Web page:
This tale comes from Matthew Hayden’s autobiography.

We hope we get a review copy. Buying Matthew Hayden’s autobiography would effectively mean giving him money and that would amount to tacit approval of the man.

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Does a Test championship need a final?

Lord's is half-full for the Test final - it's a great turn-out

The ICC have announced that there will now be a four year Test championship. At the end of the cycle, the top four teams enter play-offs and then there’s a final.

We do understand the significance of a final – the two best teams pitted against each other is always appealing. However, we think we see a flaw.

Making every match count

We thought the point of a Test championship was to make Tests seem more meaningful. Unless we’re missing something (highly likely), then having play-offs and then a final actually makes many Tests less meaningful.

Maybe finishing first in this championship confers some sort of advantage, such as playing a semi-final at home, but if the final’s scheduled for a particular venue regardless of where you finish (it’s looking like it’ll be at Lord’s) does it really make a massive difference whether you come first or fourth?

If winning the Test championship suddenly becomes ‘the point’ and the team that’s top pretty much qualifies for the play-offs 18 months before they happen, knowing they’re unlikely to fall to fifth, then what are they doing in subsequent Tests? How much do they matter?

Test final

As for this final, say India and South Africa qualify, wouldn’t it be far, far better to play the match at Eden Gardens or Newlands rather than at Lord’s? We went to Lord’s for Pakistan v Australia. Now granted that wasn’t a final, but it was still a major fixture. The atmosphere was pretty dead and that wasn’t just cause there were few supporters. It was also because a large proportion of them were impartial.

Big matches in leagues

Cricket always wants finals, but leagues throw up big matches naturally. South Africa might have to beat Sri Lanka 2-0 to win the Test championship, or it might all hinge on the India v South Africa series that occurs early on in the four-year cycle. Who knows?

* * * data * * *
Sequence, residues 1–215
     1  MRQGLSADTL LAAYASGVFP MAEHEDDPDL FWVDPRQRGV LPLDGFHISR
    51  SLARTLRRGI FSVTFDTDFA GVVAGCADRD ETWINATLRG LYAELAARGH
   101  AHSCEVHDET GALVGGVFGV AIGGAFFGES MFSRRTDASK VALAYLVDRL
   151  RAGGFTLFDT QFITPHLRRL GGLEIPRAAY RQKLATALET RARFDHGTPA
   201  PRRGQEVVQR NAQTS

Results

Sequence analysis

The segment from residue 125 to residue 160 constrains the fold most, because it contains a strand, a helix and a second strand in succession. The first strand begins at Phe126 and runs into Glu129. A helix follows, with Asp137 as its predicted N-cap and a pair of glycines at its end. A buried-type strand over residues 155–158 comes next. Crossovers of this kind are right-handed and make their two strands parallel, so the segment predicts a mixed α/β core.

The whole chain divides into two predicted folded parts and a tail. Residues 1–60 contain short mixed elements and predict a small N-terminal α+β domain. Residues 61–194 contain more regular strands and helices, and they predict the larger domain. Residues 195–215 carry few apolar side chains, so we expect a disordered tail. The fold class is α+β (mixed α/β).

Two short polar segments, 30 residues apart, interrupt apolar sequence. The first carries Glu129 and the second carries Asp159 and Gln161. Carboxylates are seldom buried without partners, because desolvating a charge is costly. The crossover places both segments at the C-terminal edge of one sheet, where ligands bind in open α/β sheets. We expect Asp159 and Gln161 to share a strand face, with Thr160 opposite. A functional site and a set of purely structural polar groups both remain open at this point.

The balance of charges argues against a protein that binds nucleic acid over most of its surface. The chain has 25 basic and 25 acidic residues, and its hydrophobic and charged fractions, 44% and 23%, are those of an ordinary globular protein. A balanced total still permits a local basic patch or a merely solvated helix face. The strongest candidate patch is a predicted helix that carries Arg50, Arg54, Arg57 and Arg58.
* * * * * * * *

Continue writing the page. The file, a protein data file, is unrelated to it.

We appreciate that a final provides a focus, but so does the climax of a league. Our concern is that by putting focus on one match, you’re devaluing many that precede it.

We’d like hear your thoughts on this, because at the time of writing the information about this Test championship is kind of sketchy.

Are we missing something? Does a Test championship need a final?

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Nathan Hauritz – number one Australian spinner

Least Australian face everrrr

Shane Warne said that Nathan Hauritz was being given a crap field by Ricky Ponting today. Being as Hauritz went for 76 in 12 overs on a fifth day Indian pitch, we’d guess that Ponting was only using four or five fielders.

Hauritz is currently said to be Australia’s number one spinner. Quite apart from the qualitative judgement in that, he doesn’t even fulfil the rest of the description. He’s a finger spinner, which is the wrong kind for his nation and he hasn’t even got the decency to LOOK Australian.

Look at him. What would you say? Dutch?

A girl from the Netherlands described to us how you could look Dutch once. She said the look was ‘kind of okay, but there’s something wrong’.

Amusingly, she was having to define the look because she’d just asked someone else in the conversation – a stranger – whether they were Dutch or not.

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Andrew McDonald endures a duck and then scores a hundred

Andrew McDonald hit 163 off just 116 balls for Victoria this week, despite a duck before play.

“We walked too close to the ducklings and the old father duck attacked me. He got on top of my backpack and started chipping away at my head. It was a savage attack so lucky to survive. I never knew they could be so feisty.”

They’ve some lethal wildlife in Australia. We’ve heard they have mice as well.

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Off season cricket training – another senseless attempt to make people laugh

We’ve not had any high-minded criticism of our latest Cricinfo piece yet, which is a bit disappointing.

In case you’re wondering what it’s about, it’s about two of our greatest interests: gravy and depression. If we could have squeezed ‘worrying about whether we’ve offended somebody by accident’ in there too, we would have got in a third.